Watch what what happens to this patients Gangrene!
Documented in Japanese hospital.
Click video below to watch video .
Toe. Documented in Japanese hospital.
above video to see
Causes and Effects of Diabetes
How Blood Sugar Works
During the digestive process, much of the food that is eaten is converted into glucose, commonly known as blood sugar. Glucose circulates in
the bloodstream and is used as food for the body's cells. But the cells cannot absorb glucose alone. A hormone called insulin, which is
produced in the pancreas, must first bind to the cell surface. When this occurs, cells of the body are activated and are able to absorb the
glucose. This process returns the body's blood sugar to a normal level.
What Is Diabetes?
Diabetes mellitus is a disorder that affects the body's ability to efficiently utilize blood glucose. In Type 1 diabetes, the pancreas does
not produce enough insulin, so glucose cannot be absorbed to refuel the cells. In Type 2 diabetes, insulin is produced, but it does not work
properly and the glucose is not absorbed consistently by the cells.
Effects of Diabetes
Both types of diabetes have the same results: glucose is not absorbed by the cells. That is why people with diabetes have high blood sugar
levels. Without proper absorption of glucose from the bloodstream, the cells are starving for food. Regardless of which type of diabetes a
person may have, people with diabetes must monitor their blood sugar levels. Depending on the type and severity of the disease, diabetes can
be managed with diet or with medication.
DIABETIC ---- Alkalized Water?
Diabetes---- Gangrene Toe . Documented in Japanese
Click below to watch video proof.
Very Graphic Video.
Diabetes --- Gangrene Toe. Documented in Japanese
The Pancreas and Insulin Production:
The pancreas is a very quiet little organ that sits behind the stomach and produces digestive enzymes and a couple of hormones
called insulin and glucagon. Most people never think about their pancreas. It just does it's thing, pumping insulin into the blood when glucose
is too high and glucagon when the glucose is too low.
Digestion and Energy:
When we take in food, our bodies break it down into materials that we need for our bodies to function. One of those materials is sugar in
the form of glucose. Our cells use glucose for energy and our brains especially run on glucose. To get the glucose into the cells, the sugar
travels into the bloodstream and triggers the pancreas to produce insulin. Insulin lets the sugar pass from the blood into the cells. When
sugar is converted to energy, it's either used or stored until we need it.
The Rise and Fall of Blood Sugar:
Blood sugar is lower before a meal and then rises once we have eaten. Then, approximately 2 hours after the meal it returns to normal.
Blood sugar is measured in milliliters per deciliter of blood. So the normal range for blood sugar in the person without diabetes usually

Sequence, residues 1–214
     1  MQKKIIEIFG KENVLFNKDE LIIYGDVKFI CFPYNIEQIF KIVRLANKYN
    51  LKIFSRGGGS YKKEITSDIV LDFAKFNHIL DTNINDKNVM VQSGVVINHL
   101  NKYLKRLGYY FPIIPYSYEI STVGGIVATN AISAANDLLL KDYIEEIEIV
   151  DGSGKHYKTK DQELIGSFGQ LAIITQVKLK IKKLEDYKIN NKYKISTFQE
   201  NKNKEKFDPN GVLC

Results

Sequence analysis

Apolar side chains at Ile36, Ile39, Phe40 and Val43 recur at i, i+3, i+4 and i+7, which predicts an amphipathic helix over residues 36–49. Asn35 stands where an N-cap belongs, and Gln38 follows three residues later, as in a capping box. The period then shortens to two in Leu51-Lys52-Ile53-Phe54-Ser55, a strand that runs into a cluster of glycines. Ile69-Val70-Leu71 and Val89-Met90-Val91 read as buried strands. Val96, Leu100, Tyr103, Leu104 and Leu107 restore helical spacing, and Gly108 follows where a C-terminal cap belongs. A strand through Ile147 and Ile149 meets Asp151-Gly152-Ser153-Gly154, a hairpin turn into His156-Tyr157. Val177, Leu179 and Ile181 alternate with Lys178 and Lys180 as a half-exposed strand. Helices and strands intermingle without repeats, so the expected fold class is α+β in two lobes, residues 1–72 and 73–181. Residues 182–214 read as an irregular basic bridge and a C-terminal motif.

falls between 70 and 110 milliters per deciliter or ml/dl.
A person is diagnosed with diabetes when their pancreas either doesn't produce any insulin at all or the insulin they do produce is
Type 1 Diabetes: Type 1 diabetes occurs when the pancreas is attacked by the immune
system. The insulin producing cells, also known as beta cells, are permanently destroyed. The pancreas no longer produces insulin. 10%
of people diagnosed with diabetes have Type 1 and the majority of them are children or young adults when it strikes. There seems to be
a genetic link to Type 1 diabetes, even though scientists believe that a viral infection may be the culprit.
The signs and symptoms of Type 1 happen swiftly.
The insulin production drops off suddenly when the beta cells are destroyed and the person is very quickly in crisis. When there isn't any
insulin, the sugar in the blood just keeps circulating and building. The cells don't get any fuel and the body tries to get rid of the excess
sugar. It tries to dilute it by pulling water out of body. This causes excessive thirst and urination.
The body becomes fatigued because the cells aren't getting the glucose they need for energy. The person may suffer a condition called
diabetic ketoacidosis which means that the body starts to break down fats to make energy. This produces ketones
which makes the blood increasingly acidic.This can cause a person to go into a diabetic coma and possibly even die. People with Type 1
diabetes must always take insulin for the rest of their lives in order to live with the disease.
Type 2 Diabetes:
Type 2 diabetes is different than Type 1. The pancreas still makes insulin, but the body develops resistance to insulin, so the cells
don't respond to it, and they are unable to take up the sugar that is in the blood. Type 2 used to be almost exclusively an older person's
disease, but with the rise in childhood obesity and obesity in general in our country, there are cases of Type 2 in children and young adults
The Skinny on Type 2:
Obesity is the number one risk factor for developing Type 2 diabetes because fat cells do not absorb insulin as
well as muscle cells do. Some scientists feel that because the pancreas has to work harder to pump increased levels of insulin into the blood
to compensate for resistance, that the pancreas eventually wears itself out and can no longer keep up with the demand. Oral medications,
combined with a low fat, high fiber diet and exercise is usually enough to control the symptoms of Type 2.
Click on the Short Video about Diabeties
Watch the Short Video on Diabeties
Learn a simple and effective way to prevent and help your diabeties. Also see weight loss
and obesity information.
The Most Powerful Water
Click here to learn more about normalizing your